To do this, however, we first need to change the definition of homelessness and who is entitled to housing. At present in England, Wales and Scotland, only ‘statutory homeless’ people are entitled to housing. Crisis explains that to be classed as ‘statutory homeless’ an individual must:

  • Be ‘eligible for public funds’(this will depend on your immigration status)
  • Have some sort of connection to the area covered by the local authority, known as a‘local connection’
  • prove that you are‘unintentionally homeless’ (that it is not your fault that you became homeless)
  • prove you are in‘priority need’ (the definition of which varies between the different nations and which has been abolished altogether in Scotland) starred crisis page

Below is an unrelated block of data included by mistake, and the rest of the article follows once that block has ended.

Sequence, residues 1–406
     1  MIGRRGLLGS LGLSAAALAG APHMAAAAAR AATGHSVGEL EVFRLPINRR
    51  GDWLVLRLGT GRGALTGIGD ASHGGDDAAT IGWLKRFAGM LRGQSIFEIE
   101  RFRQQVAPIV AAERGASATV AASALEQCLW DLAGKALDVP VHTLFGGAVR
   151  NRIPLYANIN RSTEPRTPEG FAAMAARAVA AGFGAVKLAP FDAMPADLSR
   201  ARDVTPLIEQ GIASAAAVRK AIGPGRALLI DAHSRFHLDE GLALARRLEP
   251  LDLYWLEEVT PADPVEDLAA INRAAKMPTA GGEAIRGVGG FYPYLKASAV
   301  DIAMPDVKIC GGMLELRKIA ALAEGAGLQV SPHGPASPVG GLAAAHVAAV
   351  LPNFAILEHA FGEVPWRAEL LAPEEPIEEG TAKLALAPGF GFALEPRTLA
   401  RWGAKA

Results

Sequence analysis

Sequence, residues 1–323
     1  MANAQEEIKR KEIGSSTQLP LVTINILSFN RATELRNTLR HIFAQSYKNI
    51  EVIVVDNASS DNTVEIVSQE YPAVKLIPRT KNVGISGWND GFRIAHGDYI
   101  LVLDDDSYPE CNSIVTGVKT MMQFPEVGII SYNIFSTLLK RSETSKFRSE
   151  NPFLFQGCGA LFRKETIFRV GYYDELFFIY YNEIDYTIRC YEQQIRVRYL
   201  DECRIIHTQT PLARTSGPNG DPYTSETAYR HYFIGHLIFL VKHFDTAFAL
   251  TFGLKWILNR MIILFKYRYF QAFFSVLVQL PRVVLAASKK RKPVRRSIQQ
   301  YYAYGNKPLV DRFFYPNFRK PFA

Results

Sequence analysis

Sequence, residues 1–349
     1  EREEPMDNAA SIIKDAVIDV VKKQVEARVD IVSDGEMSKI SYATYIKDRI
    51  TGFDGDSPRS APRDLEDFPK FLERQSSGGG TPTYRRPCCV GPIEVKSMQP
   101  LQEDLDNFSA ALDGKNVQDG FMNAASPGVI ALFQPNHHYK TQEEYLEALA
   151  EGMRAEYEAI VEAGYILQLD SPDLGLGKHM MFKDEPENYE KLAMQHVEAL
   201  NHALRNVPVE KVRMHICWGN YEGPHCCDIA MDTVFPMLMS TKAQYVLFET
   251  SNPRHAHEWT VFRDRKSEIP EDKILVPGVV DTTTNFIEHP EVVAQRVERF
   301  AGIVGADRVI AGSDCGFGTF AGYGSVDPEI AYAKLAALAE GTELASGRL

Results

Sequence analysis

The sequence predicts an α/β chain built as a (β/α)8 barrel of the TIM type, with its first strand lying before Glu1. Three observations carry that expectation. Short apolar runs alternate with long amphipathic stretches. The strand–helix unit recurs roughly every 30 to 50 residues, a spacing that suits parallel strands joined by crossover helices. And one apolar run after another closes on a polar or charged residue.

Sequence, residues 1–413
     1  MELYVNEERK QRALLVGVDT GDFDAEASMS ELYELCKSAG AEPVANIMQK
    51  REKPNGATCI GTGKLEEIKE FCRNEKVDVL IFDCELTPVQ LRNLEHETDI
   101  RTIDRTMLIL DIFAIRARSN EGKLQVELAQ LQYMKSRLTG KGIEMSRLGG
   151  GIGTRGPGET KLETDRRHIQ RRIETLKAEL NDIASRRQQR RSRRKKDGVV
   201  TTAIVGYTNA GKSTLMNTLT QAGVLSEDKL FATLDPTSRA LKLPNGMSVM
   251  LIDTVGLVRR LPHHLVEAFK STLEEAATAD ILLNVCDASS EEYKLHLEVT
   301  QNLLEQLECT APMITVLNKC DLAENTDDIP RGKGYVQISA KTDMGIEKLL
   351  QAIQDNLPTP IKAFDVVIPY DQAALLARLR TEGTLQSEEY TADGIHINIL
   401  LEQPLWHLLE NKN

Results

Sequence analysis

Priority need can mean those with dependants, care leavers under 21, those made homeless by fire or flood, those who left home due to violence, those have been in care or the armed forces, as well as a host of other different reasons. What it does not cover, however, are single homeless people, as the government does not deem them to be in ‘priority need.’ As Shelter put it, ‘The council doesn’t have to offer you accommodation if you are not in priority need and is unlikely to do so.’ Those deemed not in ‘priority need’ are informed of the decision in writing, and barring a largely futile appeals process this is normally the end of the line.